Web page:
In the past 15 years, gas cans have been responsible for nearly a dozen deaths and 1,200 injuries. A small spark or flame shoots up the nozzle, and boom. Game over. The latest concept from Somerville, Massachusetts-based product design and consulting agency, the Gas Cube, aims to evolve the gas can into something prettier, more functional, and a lot less dangerous.
The common gas can hasn’t changed much since the 1930s. Developed in Germany for military use, then adapted into the familiar red plastic container that we all know today, the only real design changes have been in response to government regulations: for example, to make the caps on all gas cans child-proof as part of the Children’s Gasoline Burn Prevention Act in 2008. But that’s not to say that the design is timeless. In fact, it desperately needs an update, argues Altitude’s Alex Tee.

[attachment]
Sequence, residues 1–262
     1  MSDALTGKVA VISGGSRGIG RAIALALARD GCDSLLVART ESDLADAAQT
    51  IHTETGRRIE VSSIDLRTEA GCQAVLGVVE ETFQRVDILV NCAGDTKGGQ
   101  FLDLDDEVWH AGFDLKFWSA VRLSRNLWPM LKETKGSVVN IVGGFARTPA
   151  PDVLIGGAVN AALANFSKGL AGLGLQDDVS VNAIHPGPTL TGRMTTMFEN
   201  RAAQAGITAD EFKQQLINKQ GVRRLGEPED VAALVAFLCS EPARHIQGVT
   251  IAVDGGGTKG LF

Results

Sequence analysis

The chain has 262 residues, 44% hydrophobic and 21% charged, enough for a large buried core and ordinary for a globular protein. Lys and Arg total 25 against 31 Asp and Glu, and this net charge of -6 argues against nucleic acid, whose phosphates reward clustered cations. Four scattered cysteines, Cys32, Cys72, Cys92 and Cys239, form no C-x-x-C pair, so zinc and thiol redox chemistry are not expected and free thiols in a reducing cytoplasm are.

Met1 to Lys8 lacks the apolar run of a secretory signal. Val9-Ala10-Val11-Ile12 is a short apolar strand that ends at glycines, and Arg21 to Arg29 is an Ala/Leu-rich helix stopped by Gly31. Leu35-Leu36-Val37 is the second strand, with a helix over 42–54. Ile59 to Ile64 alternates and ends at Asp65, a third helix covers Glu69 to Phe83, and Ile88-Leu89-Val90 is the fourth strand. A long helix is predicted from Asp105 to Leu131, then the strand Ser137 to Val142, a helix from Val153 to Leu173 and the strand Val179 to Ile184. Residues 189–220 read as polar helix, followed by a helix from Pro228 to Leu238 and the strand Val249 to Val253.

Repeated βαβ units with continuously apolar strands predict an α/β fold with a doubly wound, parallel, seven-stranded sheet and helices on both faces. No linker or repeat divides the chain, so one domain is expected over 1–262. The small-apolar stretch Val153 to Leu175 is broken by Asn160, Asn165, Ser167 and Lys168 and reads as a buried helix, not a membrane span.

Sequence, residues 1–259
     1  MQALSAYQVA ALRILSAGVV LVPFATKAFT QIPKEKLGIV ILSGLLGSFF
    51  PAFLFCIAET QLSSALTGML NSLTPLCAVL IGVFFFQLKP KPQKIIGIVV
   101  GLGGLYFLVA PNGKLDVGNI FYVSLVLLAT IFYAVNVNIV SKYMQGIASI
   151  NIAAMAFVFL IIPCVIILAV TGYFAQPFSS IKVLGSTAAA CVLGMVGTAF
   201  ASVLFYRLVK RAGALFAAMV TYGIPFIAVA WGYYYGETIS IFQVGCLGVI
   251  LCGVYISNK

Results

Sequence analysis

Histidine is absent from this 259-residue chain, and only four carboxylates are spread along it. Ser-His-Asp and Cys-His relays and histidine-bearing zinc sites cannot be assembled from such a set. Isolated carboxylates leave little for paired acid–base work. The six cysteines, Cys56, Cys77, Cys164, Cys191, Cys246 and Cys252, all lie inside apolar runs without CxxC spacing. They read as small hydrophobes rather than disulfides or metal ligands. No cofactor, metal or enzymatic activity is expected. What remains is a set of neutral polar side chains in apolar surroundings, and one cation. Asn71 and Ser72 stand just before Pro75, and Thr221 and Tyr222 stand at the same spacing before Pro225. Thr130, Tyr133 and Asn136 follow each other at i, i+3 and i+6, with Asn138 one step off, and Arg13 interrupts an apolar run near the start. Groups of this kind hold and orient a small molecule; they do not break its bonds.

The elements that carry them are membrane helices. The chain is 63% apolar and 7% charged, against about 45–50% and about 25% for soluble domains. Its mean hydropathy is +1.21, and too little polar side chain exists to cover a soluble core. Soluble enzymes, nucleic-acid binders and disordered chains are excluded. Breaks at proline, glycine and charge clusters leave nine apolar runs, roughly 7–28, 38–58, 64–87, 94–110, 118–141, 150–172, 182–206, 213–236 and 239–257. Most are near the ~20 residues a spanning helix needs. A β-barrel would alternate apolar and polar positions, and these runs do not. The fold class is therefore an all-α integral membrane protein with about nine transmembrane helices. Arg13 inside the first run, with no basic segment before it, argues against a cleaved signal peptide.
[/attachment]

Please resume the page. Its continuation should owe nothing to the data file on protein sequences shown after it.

In Tee’s Gas Cube concept, the chances of the container exploding are dramatically decreased by the addition of a flame arrestor in the nozzle. This small piece of mesh screen filters out flames and sparks like the mesh in front of a fireplace. Flame arrestors are not unheard of in gas cans; many already come with them.
In addition to a flame arrestor, the cap of Tee’s Gas Cube has a seal that is replaced every year to maintain the Cube’s air tightness, preventing dangerous hydrocarbons from leaking out. This seal also says how old the gas inside is–older gas is less efficient than new gas, and can be bad for your engines–and what type it is, so you don’t put diesel in, say, your car by mistake.
Like other concepts Altitude has released (for example, this robot bottle caps for home mixologists), the Gas Cube concept is meant to spark a conversation about how design can fix products that we don’t even really think of as being broken. There’s no reason the Gas Cube couldn’t become a reality. Tee estimates that the Gas Cube’s design changes would only cost a few dollars more than current gas can designs.